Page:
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Who Speaks for Tantra?

Monday, May 28th, 2007

People have been arguing about who is an authority on Tantra for centuries, and the good folks over at Wikipedia are continuing in that grand tradition.

Wikipedia’s “Tantra” entry has long been the subject of discussion, and even some heated argument, among its own contributors. The central question is: Who speaks for Tantra?

The new Wikipedia “Tantra team” is more mild-mannered than its turf-warring forebears, but the questions raised by the continuing troubles with Tantra over at Wikipedia are fascinating and instructive.

The rules for the sources that inform Wikipedia articles are that they must be verifiable and not “original research.”

What this boils down to is: only traditionally published sources are allowed. This means, for the most part, no blogs.

Enter Tantra, and even Living Tantra. Yes, unbeknownst to most Living Tantra readers, your very own blog has been the source of discussions around the Wikipedia Tantra table.

Why? Because some person long ago and far away placed a quote from Living Tantra in the main Wikipedia Tantra entry. Periodically, since that time, tussles have erupted among Wikipedians about whether or not to eject the Living Tantra quote from the article.

Up until recently, the “keepers” held the day. Now the quote is gone, a fact that was brought to my attention by one of the entry editors. He wrote me a nice letter the other day asking if the quote was published in a verifiable source, e.g. a book or paper-printed article, so that he could justify keeping it in Wikipedia.

Now, Tantra is still largely an orally-transmitted tradition. However, throughout the centuries, Tantra has been enriched by adept practitioners who have translated their insights, gained through practice, into original writings and who have written commentaries on the original Tantras. These commentaries are often scholarly and are always informed by a high degree of realization.

So, I am happy to report that despite the ousting of Living Tantra, the Wikipedia editors have relied upon the print-published writings of several great Gurus including Paramahamsa Satyananda Saraswati, the head of my lineage, and his Guru, Sri Sivananda.

On the other hand, Paramahamsa Satyananda was once asked, “What is a yogi?” His answer: “A person who will use anything to Self-realize.” I am certain that as younger adepts emerge, they will eschew dogmatism and will be communicating via blogs. Each teacher communicates in a way that is appropriate to the time and place of students.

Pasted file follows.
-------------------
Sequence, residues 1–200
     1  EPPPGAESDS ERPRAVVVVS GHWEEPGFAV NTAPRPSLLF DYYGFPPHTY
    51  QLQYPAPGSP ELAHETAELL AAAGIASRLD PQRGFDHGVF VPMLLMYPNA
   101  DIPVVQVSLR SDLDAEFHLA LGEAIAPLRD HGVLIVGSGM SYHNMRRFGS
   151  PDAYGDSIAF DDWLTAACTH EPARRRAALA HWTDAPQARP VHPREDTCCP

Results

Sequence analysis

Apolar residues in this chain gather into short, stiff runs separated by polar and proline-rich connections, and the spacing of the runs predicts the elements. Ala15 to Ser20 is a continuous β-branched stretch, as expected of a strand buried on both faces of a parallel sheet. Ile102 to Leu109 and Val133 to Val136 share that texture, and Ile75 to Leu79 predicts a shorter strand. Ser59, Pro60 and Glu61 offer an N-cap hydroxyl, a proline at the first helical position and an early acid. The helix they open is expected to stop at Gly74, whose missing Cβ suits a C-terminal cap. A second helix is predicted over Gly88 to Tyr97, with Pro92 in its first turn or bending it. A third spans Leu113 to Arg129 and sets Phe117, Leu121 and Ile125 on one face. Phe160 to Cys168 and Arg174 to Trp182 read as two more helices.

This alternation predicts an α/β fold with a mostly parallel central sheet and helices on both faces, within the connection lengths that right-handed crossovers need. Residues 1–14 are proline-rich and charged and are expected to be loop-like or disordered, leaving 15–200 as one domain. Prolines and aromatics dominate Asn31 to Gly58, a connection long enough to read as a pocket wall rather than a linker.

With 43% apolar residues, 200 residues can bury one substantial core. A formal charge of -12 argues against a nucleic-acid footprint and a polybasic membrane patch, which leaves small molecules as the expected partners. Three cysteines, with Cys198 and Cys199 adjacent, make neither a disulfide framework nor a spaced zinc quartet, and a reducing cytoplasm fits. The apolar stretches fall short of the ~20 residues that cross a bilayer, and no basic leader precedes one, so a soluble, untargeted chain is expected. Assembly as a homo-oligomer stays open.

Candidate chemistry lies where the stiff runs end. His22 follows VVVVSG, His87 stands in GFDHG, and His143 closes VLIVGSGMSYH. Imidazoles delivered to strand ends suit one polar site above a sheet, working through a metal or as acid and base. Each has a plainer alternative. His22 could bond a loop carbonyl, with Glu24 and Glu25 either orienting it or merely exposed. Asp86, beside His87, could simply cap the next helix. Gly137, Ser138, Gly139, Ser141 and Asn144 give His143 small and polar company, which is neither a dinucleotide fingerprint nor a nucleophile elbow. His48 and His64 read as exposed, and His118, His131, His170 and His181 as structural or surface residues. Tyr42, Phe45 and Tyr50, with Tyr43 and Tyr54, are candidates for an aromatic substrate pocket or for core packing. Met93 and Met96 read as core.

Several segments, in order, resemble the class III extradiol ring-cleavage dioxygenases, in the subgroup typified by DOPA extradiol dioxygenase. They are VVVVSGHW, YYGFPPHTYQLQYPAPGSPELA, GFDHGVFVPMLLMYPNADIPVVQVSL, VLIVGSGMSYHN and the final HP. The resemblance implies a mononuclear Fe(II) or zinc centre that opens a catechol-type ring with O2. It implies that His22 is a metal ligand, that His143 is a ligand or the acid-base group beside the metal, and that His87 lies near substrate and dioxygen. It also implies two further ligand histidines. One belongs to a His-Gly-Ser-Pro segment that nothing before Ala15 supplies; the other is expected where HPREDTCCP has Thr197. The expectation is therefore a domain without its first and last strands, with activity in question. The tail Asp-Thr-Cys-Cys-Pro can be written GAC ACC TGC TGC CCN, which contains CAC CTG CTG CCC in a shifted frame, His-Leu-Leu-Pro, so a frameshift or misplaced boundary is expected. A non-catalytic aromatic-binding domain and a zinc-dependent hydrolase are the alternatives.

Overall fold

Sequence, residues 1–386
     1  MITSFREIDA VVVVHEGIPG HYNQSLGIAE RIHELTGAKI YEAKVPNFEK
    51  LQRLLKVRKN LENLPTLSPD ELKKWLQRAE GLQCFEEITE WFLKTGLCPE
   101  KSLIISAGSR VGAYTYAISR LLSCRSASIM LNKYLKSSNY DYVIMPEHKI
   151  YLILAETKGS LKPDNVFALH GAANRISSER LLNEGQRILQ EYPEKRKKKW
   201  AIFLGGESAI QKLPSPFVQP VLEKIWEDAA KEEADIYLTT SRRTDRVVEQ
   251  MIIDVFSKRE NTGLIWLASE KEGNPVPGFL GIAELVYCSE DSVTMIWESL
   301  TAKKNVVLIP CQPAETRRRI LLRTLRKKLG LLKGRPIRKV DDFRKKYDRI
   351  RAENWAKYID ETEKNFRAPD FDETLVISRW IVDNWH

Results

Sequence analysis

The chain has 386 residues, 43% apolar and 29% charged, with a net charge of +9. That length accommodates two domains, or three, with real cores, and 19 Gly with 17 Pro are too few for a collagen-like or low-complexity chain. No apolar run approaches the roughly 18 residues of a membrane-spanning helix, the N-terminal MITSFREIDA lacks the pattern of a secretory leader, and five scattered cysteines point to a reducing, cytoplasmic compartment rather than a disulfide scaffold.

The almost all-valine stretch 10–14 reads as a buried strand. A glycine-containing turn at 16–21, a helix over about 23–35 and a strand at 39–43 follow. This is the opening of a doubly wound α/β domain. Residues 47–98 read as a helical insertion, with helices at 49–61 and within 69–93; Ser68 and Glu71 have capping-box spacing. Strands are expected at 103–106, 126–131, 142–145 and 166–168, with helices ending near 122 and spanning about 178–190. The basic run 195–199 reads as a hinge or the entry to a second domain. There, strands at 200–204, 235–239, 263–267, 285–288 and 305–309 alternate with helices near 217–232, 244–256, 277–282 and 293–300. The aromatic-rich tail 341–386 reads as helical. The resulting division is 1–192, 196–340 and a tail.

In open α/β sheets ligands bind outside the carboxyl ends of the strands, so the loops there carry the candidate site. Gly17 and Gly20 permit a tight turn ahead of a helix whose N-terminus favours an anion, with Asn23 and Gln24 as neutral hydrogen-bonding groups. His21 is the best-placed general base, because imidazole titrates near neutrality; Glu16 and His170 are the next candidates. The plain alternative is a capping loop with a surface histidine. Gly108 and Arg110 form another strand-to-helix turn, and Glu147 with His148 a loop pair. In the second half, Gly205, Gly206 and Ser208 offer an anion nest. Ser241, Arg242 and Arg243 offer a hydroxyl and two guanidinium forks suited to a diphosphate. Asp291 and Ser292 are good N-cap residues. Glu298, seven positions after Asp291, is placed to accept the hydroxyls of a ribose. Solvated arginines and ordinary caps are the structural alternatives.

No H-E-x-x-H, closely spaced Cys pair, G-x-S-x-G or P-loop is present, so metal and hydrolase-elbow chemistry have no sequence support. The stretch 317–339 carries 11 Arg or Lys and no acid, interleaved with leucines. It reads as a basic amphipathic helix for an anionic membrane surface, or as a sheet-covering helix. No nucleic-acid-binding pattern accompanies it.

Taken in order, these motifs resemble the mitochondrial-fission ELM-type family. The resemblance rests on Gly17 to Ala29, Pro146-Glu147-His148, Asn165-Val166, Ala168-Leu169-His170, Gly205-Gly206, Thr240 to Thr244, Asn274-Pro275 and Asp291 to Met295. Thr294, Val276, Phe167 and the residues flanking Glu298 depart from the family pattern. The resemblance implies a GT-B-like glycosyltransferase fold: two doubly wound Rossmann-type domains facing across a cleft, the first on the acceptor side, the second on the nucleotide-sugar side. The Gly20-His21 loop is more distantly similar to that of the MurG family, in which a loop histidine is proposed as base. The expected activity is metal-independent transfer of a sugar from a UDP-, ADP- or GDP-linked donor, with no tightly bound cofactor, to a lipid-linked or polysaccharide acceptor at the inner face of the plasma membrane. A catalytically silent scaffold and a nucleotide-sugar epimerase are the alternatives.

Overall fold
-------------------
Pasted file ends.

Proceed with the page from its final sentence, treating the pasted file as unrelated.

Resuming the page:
The question we are really left with is: Who does speak for Tantra?

The answer: Anyone who realizes the fruit of Tantrik practice.

Tantra is about engaging more fully with Reality. Understanding of how things are in the world and with the world comes spontaneously when openness is discovered through practice.

This is not some new-agey, vague notion of intuition. The understandings I am speaking of are precise and usable. They let you know what you are and how to move in the world from moment to moment. They are available to anyone who sincerely desires Self-realization.

Even the most specific, complex understandings are available “from thin air.” Anandamayi MA was able to reproduce in exacting detail the most elaborate Vedic rituals and argue the finest points of philosophy with sages, correctly quoting passages from Sanskrit scriptures, even though she had completed only a couple of years of schooling.

The Tibetan termas, or treasure texts, are bodies of practical knowledge that were placed in the fabric of Reality by Padmasambhava and Yeshe Tsogyal to be “downloaded” by adepts in future generations. Chogyal Namkhai Norbu is a terton: someone who receives these detailed instructional texts in his dreams. No one can fake this meticulous understanding.

Two of the related meanings of “Tantra” are “text” and “textile.” Tantrik adepts become readers and weavers of Reality. The proof is in how accomplished beings live, not in the footnotes of their books. The real “verifiable” source, and the ultimate publisher, is Reality itself.

Of course, this Tantrik understanding of understanding does not lend itself to the culture of encyclopedias and its enthusiasts. One could even say that the presence of a “Tantra” entry in Wikipedia is like placing explosives in a wedding cake. Weddings are highly conventional affairs in most cultures.

But, it is also true that all human activity tends, somehow, sooner or later, toward awakening, and the Tantrik tradition itself helps with this process. The most respected scholars of Tantra inevitably arrive at the same conclusion: Tantra cannot be authoritatively described using only the tools of conventional scholarship.

How wonderful!

In Matriseva,
Shambhavi

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